Having recently finished listening to the first book in this series, 'The Girl with the Dragon Tattoo', I held my breath and immediately dived back in with this, the second. I am glad to say that I found it at least as good as the first, and some of the unanswered questions about Lizbet Salander's past became clearer as the story unfolded. The characters were further developed, with, I am glad to say, Blomkvist allowed to grow more in the second part of the book. If you have read the first book, then you know to expect rather explicit descriptions of violence, and this book also contains similar material. Once again, impeccably read by Saul Reichlin, who has to be complimented on getting his tongue around all the Scandinavian place names with great dexterity.
Some nice twists towards the end! I highly recommend.
A curious story - a child vampire who has to drink blood to live and who is forced to use all means at their disposal to do this in order to survive. This character is far from the cardboard cutout Dracula horror - you begin to see them as a victim as well as a predator. I thought the relationship between the vampire and Oscar was touchingly innocent as they battled to stay true to their friendship as their worlds became increasingly complicated. Yes, the story can be gruesome, but let's face it so were many of Grimm's tales, and for me there were many fairytale elements in this story. I really enjoyed it and the juxtaposition of fantasy with reality was cleverly done.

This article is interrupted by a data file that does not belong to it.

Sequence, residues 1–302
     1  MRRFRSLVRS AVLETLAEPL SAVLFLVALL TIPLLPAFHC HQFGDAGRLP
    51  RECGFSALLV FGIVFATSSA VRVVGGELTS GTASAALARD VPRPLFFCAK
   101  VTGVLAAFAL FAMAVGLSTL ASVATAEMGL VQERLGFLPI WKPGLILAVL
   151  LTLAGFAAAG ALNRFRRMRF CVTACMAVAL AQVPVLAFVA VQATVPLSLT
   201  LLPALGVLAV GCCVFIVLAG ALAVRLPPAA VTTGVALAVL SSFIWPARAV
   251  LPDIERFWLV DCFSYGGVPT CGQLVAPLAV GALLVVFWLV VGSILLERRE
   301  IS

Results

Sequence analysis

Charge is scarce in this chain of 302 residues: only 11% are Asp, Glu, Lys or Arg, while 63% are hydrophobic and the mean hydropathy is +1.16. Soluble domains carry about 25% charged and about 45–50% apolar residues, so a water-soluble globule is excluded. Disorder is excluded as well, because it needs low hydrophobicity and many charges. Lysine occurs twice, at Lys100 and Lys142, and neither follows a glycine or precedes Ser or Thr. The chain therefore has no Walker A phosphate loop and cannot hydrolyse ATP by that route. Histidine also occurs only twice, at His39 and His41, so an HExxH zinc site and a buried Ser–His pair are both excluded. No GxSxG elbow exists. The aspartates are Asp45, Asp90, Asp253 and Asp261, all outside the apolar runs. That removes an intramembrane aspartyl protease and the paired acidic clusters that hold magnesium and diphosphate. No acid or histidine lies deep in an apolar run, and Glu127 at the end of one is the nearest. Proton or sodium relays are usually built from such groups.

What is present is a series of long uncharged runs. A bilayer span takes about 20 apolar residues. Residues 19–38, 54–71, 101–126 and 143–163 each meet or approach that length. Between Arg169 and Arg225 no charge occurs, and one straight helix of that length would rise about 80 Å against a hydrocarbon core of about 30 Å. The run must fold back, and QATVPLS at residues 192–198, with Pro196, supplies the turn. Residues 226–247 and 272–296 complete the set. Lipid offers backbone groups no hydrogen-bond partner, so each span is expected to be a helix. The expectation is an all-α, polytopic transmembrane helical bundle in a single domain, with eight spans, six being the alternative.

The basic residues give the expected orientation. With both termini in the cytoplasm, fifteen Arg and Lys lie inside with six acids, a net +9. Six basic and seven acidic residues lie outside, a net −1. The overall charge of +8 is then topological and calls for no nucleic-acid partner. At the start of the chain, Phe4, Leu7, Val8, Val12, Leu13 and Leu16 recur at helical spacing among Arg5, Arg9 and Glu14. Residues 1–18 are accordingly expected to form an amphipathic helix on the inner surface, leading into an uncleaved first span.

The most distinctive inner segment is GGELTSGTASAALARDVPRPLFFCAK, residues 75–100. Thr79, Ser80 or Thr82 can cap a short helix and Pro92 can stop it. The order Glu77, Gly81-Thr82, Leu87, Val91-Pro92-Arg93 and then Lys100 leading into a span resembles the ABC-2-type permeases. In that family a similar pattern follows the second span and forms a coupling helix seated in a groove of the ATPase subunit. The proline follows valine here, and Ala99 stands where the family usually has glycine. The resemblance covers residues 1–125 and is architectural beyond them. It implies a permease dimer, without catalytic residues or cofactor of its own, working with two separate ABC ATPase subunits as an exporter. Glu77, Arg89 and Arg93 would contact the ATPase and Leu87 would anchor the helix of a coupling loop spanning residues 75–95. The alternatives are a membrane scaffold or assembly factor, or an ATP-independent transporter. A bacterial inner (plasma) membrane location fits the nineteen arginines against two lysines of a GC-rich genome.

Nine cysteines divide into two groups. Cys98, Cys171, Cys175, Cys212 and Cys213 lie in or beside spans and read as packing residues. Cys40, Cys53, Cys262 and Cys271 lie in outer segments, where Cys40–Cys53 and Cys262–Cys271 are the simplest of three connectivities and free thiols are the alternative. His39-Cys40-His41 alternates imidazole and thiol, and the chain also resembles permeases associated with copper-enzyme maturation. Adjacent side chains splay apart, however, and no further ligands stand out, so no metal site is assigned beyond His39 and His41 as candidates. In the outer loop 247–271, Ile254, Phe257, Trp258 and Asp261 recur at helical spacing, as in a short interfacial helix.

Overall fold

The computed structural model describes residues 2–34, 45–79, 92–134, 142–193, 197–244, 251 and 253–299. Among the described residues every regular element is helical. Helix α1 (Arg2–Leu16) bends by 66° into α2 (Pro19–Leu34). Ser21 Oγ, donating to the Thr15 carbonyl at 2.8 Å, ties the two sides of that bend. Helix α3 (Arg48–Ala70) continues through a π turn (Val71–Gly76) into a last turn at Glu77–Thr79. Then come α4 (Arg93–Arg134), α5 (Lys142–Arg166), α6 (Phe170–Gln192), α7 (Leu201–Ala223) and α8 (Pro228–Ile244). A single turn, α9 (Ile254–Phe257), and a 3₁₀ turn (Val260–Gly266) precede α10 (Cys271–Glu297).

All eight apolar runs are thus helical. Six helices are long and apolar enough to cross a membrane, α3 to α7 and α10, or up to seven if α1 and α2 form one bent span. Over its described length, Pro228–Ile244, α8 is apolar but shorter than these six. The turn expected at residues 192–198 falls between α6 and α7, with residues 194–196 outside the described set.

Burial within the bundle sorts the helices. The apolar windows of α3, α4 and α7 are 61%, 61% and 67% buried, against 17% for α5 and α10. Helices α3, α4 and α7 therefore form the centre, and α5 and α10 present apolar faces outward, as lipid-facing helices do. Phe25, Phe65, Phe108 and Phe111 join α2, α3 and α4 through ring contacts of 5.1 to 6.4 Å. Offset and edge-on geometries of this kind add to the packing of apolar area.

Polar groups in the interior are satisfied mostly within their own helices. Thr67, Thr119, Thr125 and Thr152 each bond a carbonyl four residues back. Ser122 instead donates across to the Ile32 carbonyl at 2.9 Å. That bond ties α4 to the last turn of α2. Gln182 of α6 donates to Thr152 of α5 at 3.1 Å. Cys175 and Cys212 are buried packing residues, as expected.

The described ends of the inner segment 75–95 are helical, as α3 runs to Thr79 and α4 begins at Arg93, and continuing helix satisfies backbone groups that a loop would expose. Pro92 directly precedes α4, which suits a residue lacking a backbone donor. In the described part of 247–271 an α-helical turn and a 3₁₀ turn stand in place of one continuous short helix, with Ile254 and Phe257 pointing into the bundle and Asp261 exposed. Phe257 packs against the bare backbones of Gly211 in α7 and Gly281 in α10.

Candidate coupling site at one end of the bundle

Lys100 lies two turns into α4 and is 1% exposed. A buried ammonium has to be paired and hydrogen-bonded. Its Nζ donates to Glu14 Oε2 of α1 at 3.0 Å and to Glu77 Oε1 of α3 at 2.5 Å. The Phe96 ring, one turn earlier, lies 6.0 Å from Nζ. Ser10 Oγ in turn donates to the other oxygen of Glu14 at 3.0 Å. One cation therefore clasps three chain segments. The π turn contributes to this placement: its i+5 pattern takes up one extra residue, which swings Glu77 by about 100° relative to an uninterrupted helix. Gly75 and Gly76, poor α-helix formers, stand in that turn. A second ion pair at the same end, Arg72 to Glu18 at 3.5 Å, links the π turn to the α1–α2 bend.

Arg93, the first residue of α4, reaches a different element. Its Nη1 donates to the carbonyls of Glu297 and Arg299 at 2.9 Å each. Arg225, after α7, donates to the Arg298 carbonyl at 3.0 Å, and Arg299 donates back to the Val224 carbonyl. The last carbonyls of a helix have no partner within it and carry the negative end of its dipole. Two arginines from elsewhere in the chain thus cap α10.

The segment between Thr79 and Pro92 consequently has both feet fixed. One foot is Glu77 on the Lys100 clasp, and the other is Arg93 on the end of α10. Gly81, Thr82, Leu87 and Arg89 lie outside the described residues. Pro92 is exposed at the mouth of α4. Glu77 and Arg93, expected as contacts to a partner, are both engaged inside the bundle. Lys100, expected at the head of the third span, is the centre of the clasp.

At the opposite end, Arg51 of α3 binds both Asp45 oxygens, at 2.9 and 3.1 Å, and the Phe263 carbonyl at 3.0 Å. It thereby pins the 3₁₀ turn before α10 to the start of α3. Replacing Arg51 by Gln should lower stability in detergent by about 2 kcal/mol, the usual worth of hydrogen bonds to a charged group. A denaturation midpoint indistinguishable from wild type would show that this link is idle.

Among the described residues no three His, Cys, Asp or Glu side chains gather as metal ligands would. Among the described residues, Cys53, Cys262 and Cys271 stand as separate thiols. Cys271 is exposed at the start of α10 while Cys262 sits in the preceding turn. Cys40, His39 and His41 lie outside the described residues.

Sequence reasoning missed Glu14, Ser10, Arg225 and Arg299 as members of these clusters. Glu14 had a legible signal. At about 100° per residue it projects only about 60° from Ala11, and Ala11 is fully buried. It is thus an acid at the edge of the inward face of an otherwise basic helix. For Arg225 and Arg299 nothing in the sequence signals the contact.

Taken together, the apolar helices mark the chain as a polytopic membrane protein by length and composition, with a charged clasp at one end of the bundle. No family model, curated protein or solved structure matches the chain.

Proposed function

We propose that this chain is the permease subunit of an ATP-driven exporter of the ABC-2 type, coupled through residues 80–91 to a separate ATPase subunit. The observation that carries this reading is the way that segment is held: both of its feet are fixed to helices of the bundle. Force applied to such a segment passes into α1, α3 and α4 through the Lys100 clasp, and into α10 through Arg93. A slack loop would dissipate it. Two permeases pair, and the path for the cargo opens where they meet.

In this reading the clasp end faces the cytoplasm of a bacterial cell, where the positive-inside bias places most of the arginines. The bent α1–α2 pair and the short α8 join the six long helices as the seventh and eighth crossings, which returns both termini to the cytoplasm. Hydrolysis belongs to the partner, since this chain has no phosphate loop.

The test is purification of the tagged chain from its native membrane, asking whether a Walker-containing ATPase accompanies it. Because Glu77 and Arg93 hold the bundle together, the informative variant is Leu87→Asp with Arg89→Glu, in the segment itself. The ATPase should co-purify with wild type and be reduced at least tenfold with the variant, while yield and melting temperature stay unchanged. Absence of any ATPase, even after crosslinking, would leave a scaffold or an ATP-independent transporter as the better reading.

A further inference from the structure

BTW, it is beautifully read, with a wide range of distinctive character voices - another triumph for Steven Pacy!
I bought this book based on the recommendations above, and am extremely pleased I did. It is a great story and I found myself grabbing every opportunity to listen to it. The poor old dog nearly got her legs walked off so that I had the excuse to find out what happens next! Lizbet Salander is a great character, complex but compelling. The narration was just perfect and the slight oddities that occurred sometimes in what was obviously a translated text in fact rather complimented the whole Scandinavian atmosphere.
I was lucky that just as I finished this book the follow-up, The Girl Who Played with Fire was published at Audible, so I could immediately resubmerge myself in more dark doings.....